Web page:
One of the biggest challenges of an expat lifestyle is feeling disconnected – from the life you leave behind, from people and events in your current place of residence, from family and old friends back home, and even from those who surround you. If you are an expat right now, how strong is the feeling of being disconnected in you on a scale of 1 to 10? Are you somewhere between 4 and 10?
If you are, read on and let me know if these eight mistakes resonate with you!
Mistake 1. You have very high expectations that people back home will continue to want and initiate consistent interaction with you. We all miss our friends/family when we move, but face it – we left. They stayed behind and they moved on with their lives. They’ve substituted the vacuum you left in their lives with something/someone else and they are doing just fine. It’s harder for you, of course, because you are the new kid on the block. Sure they’ll be there for you when you need them, but for heaven’s sake – don’t expect them to get in touch with you as often as they did in the past – and don’t sulk if they don’t. Remember that it’s now up to you to initiate and maintain contact. You are the one who has left.
Mistake 2. Somehow, somewhere you’ve decided that making new friends isn’t your strength. Fair enough – some of us are more outgoing than others, but make sure you realize that perspective is everything. It colors the lens you use to look at the world. So if your current perspective is “I suck at making new friends”, you will suck at it. Change your perspective and you’ll be surprised to see how things change around you.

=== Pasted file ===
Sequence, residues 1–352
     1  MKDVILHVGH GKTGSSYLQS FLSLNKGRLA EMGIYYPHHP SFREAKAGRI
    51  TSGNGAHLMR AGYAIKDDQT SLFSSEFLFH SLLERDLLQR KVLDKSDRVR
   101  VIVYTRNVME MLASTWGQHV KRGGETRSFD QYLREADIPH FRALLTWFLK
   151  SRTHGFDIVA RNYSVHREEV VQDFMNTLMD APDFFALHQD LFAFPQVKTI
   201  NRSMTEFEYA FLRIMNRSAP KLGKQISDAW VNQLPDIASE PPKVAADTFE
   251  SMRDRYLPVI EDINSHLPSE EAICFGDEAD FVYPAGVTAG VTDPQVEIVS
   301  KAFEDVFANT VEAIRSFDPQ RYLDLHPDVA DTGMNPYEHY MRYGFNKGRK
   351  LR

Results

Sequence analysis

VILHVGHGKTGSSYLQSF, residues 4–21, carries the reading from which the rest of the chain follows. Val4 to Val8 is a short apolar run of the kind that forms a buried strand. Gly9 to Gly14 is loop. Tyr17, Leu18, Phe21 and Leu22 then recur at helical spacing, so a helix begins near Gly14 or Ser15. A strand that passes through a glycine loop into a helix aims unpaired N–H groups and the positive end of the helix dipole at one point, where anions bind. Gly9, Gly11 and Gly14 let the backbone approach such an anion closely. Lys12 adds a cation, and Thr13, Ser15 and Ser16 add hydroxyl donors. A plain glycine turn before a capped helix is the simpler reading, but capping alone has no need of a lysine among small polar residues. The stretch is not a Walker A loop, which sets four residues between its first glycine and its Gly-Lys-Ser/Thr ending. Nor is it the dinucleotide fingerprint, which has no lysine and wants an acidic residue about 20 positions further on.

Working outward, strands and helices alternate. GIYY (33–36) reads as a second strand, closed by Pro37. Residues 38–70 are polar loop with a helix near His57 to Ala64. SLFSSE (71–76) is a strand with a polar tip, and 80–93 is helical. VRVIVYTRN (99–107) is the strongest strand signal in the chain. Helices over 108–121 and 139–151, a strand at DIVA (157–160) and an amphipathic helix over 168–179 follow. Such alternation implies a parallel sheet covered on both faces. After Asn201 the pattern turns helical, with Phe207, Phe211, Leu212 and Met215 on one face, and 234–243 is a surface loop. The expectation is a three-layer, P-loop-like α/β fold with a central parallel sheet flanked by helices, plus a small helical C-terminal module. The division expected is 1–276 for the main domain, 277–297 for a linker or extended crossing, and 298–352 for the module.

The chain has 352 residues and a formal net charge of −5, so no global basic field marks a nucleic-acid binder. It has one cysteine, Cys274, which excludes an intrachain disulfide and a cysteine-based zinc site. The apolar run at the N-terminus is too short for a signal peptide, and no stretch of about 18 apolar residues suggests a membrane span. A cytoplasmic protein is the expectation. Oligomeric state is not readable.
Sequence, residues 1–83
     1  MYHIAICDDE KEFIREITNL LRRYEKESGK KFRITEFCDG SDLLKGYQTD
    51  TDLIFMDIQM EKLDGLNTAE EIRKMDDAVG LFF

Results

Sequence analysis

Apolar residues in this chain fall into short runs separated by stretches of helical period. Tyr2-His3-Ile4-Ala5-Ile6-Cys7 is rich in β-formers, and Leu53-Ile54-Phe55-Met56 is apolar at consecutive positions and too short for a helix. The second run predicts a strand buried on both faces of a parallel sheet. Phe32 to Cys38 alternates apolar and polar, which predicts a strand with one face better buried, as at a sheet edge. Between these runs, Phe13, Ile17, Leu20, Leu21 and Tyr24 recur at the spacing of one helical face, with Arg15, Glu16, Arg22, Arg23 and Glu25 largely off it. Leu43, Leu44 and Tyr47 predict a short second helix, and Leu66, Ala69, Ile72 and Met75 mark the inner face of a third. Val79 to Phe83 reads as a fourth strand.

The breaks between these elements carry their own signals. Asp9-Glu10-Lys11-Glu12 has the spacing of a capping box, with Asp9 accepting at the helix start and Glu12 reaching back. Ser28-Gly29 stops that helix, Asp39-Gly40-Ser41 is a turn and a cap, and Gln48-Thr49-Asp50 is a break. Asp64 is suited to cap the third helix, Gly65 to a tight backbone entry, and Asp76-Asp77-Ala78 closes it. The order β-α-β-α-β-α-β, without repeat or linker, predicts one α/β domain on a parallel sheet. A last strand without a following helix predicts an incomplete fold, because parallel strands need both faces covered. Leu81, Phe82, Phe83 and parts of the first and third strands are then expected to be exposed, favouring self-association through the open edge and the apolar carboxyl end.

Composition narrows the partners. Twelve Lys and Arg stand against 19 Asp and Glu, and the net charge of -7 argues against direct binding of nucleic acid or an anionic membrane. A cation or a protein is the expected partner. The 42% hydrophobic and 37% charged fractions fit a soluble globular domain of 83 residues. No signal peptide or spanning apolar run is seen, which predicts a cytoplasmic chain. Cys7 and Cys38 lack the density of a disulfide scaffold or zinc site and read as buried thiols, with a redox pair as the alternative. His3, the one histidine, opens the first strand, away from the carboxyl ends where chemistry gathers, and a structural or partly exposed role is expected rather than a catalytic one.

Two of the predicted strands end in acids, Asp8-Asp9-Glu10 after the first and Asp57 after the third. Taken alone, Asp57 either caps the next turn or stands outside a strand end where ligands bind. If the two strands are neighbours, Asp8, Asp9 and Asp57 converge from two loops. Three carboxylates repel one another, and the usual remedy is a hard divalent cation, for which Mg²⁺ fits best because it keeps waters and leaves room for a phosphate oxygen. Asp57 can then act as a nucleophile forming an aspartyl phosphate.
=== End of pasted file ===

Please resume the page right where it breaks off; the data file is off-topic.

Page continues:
Mistake 3. You decided that you only want strong, intimate connections and you are not interested in anything else. It’s your choice, of course, and there is nothing wrong with wanting to create lasting friendships. But are you sure you are giving everyone a chance? How do you know that someone who doesn’t seem “the material” now isn’t going to turn into a dear friend? Stranger things have happened in the world. Make sure you are open to every possibility that comes your way.
Mistake 4. You think your to-do list is too long and you just have no time to get out and get to know people. It’s a classic one – how many times have we used our to-do lists as an excuse not to do something that seems challenging, uncomfortable, or scary to us?
Mistake 5. You take trips home every 3-4 weeks for a vacation, just a visit, or… just because. Another classic – and another very strong reason for not feeling connected either at home or at your new place of residence. Commit to one of those places and grow your connections there.
Mistake 6. You feel uncomfortable chatting up to people because your language skills are not perfect. This may be a good place to train yourself to let go of expecting yourself to be perfect – in languages and anywhere else. Besides, how else would you improve your speaking ability if not by speaking to people?
Mistake 7. You engage in unfavorable comparisons of your current place of residence with home (or with the one you left). We all heard that the “grass is always greener on the other side”, but guess what? Yours would be green too if you only watered it enough. So forget about how your new home doesn’t stack up to your previous home and stop the comparisons. Instead find the beauty where you are.
Mistake 8. You use social media like there is no tomorrow. Lots of people adore Facebook, Twitter, Pinterest, etc, etc, etc (I don’t even come close to knowing all the social networking sites out there), but life still mostly happens on the outside and the connections you make on the outside are the ones that are going to nurture you. Your 1000+ friends on Facebook will forgive you if you engage in the outside world. So what are you waiting for?
Which mistakes resonate with you? And what additions may you have?
Looking to improve your sense of connection? Join our Expat Women Academy where you’ll be given the tools — along with the community of women going through the same thing — to be successful in getting connected!
Tagged: Expat, expat women, expatriate, immigration, Relocation, self-esteem